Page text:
Children with severe acute malnutrition complicated by diarrhea have a higher risk of death than those who do not have diarrhea [8]. According to the maternal, infant and young child nutrition, national operational guidelines [9], it is recommended that children less than six months of age should be breastfed more frequently, emptying one breast at a time, take zinc tablets, vitamin A supplement (50000IU) and ORS solution as instructed by the health care worker. Children above six months of age should take extra foods, breastfeeding, fluids, soups, fermented milk, fruit juices and safe water. Children should take small amounts of foods they like most, a variety of nutrient rich foods, breastfeeding and take antibiotics only when there is blood in the stool. After illness or during recovery, the child’s nutrition and health status should be monitored every month during recovery period, take extra breastfeeds and use extra rich foods that are energy dense. Children aged 6-8 months should be fed 2 times a day. Children aged 9-11 months should be fed 2-3 meals plus 1-2 snacks preferably fruit or milk based while children aged 12-59 months should be fed on 3-4 meals and 2 snacks preferably fruit and milk [9]. The common causes of acute watery diarrhea are viral, bacterial, and parasitic infections. Rotavirus and Escherichia coli are the most common etiological agents of diarrhoea in developing countries [10].

Caregivers play a central role in the effective management of childhood diarrhea. Correct home treatment with oral rehydration and adequate food is crucial to prevent deterioration of the child’s condition [11]. Childhood diarrhea is an important cause of malnutrition, which can be worsened when caretakers limit nutritional support. Some caregivers perceive feeding during diarrhea to be harmful. Most caregivers discontinue normal feeding or give less food. Misperceptions of the role of feeding during diarrhea pose a significant health risk for children. Continued feeding during diarrheal episode and continuing or increasing breastfeeding is critical for breaking the vicious cycle of diarrhea and malnutrition [12]. Continued feeding is associated with better clinical outcomes and better recovery of the intestinal function. Thus continuation of feeding during diarrheal episodes is an important component of the Integrated Management of Childhood Illness (IMCI) [13]. The purpose of this study was to determine caregivers’ knowledge on nutritional management of childhood diarrhea and assess nutrition status of the children.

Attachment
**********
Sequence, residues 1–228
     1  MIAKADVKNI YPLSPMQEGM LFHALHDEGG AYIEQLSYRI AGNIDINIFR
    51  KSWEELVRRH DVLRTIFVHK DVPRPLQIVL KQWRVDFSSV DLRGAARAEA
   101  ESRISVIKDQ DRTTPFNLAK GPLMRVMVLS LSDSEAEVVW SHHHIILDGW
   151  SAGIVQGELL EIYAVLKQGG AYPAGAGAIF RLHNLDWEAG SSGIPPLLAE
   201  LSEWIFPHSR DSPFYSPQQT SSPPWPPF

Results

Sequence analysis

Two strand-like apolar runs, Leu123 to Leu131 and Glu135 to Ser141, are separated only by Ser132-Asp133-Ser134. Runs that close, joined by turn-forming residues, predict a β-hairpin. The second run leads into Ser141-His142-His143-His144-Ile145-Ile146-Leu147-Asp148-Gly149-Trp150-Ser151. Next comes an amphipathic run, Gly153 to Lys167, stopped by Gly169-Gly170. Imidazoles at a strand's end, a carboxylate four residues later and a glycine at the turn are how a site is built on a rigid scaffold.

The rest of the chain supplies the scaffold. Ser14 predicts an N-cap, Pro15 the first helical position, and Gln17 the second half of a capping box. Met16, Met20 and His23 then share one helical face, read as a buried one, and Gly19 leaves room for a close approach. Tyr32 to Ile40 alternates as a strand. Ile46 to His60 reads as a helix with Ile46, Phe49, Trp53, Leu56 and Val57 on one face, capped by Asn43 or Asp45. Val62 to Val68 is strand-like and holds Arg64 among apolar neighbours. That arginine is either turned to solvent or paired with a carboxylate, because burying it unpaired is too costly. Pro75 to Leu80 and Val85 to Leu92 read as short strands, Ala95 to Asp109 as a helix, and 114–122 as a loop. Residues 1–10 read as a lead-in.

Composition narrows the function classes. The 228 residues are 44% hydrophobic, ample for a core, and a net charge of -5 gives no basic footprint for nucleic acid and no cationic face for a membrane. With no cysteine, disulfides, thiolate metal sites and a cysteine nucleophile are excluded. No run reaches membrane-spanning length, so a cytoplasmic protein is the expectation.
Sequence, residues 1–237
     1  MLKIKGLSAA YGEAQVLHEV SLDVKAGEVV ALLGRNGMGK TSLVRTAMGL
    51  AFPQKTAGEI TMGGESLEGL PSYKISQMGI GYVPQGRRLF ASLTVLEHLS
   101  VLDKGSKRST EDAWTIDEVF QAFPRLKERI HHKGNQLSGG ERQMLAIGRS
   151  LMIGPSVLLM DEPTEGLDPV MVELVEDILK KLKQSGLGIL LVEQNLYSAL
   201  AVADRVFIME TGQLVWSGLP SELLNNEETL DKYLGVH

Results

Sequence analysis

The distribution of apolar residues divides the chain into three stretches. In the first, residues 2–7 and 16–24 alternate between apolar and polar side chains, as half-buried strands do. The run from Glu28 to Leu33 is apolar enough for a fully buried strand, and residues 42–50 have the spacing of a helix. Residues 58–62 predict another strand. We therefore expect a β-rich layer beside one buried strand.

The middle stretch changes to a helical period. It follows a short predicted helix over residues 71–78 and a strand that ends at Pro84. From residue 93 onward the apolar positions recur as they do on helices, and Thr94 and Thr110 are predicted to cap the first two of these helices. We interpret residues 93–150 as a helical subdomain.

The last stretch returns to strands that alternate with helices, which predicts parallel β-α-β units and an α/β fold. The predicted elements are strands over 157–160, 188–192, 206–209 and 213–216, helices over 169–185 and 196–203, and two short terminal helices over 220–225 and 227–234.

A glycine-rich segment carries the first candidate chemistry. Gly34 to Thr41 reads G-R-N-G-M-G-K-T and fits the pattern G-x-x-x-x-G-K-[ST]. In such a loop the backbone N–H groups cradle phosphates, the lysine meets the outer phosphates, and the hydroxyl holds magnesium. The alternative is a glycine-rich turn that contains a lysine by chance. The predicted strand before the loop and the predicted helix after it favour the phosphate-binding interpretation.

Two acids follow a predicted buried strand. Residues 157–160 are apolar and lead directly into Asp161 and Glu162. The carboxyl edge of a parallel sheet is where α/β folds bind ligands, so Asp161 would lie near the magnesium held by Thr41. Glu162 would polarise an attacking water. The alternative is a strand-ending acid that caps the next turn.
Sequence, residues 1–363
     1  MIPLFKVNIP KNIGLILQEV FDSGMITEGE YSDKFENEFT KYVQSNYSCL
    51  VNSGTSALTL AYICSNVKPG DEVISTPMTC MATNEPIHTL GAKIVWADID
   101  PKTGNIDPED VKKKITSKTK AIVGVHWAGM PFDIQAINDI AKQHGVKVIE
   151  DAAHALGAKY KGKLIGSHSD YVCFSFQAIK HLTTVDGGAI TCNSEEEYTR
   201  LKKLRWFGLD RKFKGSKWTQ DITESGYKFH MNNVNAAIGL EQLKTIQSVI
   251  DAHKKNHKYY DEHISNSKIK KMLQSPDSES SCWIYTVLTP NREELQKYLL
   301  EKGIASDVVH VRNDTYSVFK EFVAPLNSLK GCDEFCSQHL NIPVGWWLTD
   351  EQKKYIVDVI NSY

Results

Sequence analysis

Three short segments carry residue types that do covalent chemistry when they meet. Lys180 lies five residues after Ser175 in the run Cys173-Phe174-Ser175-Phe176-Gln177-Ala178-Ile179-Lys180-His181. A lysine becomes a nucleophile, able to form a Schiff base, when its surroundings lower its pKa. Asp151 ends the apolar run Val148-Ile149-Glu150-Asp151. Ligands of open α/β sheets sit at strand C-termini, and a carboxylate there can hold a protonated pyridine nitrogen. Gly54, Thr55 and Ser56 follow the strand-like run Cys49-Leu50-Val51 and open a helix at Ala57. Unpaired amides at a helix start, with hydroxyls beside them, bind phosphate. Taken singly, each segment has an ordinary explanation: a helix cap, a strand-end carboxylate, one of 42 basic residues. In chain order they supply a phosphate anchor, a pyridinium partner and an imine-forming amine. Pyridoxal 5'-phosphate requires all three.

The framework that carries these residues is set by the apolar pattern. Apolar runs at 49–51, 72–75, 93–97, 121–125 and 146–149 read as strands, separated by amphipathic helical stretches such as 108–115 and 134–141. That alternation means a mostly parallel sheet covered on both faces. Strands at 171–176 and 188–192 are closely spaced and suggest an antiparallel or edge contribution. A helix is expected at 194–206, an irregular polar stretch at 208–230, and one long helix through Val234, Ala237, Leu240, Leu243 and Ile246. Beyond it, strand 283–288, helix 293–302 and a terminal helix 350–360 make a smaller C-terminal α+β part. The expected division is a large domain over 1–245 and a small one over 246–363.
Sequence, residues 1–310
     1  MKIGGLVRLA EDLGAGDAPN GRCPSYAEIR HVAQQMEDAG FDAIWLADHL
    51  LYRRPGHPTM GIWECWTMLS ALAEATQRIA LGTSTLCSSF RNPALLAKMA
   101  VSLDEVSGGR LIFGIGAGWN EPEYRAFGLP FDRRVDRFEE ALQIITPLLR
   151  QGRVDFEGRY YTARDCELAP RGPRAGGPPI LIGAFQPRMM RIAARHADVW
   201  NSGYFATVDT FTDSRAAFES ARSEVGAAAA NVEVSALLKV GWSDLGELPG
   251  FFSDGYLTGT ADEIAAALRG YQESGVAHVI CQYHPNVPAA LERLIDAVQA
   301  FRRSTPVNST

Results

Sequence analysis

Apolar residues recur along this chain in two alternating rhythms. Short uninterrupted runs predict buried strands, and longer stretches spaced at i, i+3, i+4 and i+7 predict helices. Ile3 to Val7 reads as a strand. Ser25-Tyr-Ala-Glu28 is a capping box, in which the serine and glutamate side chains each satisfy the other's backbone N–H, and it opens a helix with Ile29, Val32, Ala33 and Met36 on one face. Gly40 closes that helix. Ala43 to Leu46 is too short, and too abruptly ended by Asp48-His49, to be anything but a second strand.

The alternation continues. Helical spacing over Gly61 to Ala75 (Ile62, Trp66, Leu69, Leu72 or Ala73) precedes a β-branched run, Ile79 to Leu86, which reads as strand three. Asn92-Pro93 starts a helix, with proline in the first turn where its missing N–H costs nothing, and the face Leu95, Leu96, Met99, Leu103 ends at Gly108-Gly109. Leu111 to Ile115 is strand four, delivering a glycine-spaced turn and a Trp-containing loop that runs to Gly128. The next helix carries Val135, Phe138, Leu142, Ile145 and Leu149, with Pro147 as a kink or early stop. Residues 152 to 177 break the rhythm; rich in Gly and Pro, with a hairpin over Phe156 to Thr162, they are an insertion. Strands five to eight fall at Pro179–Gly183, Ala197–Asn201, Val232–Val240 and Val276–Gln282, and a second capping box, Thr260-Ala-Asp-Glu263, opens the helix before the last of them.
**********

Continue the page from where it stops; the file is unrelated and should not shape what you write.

Materials and Methods

The study used a descriptive cross sectional design to determine the knowledge regarding nutritional management of childhood diarrhea at home among caregivers of fewer than five years and determine the nutrition status of these children.

The dependent variable was caregiver knowledge on nutritional management of childhood diarrhoea. To measure knowledge, a correct response in the questionnaire was given a score of one, and incorrect one, a score of zero. Percentages using an index of Ashur’s criteria [14] were used for describing level of knowledge. By this criterion, below 40 percent score of the respondents was considered low level of knowledge, 40-59 percent was considered average level, a score of 60-80 percent was considered high level, while above 80 percent was considered very high level of knowledge.

Child malnutrition was indicated by three anthropometric indices: height-for-age (H/A), which indicates the level of stunting, weight-for-age (W/A), which indicates the level of underweight, and weight-for-height (W/H) which indicates the level of wasting. Socio economic variables included; marital status, religion of the caregiver, caregiver’s education level and occupation of the caregiver. Demographic variables included caregiver’s age, child sex, child age, child birth order, number of children under five years of age, and diarrheal occurrence.

The target population was caregivers who had children 0-5 years old in Korogocho slum, Nairobi County. The inclusion criteria for the study participants was caregivers who had at least one child who was 0-5 years old, had resided in Korogocho slums for at least six months and was willing to participate in the study. Caregivers with children who were suffering from other illnesses were excluded, because this could have affected food intake and hence the nutritional status of the child.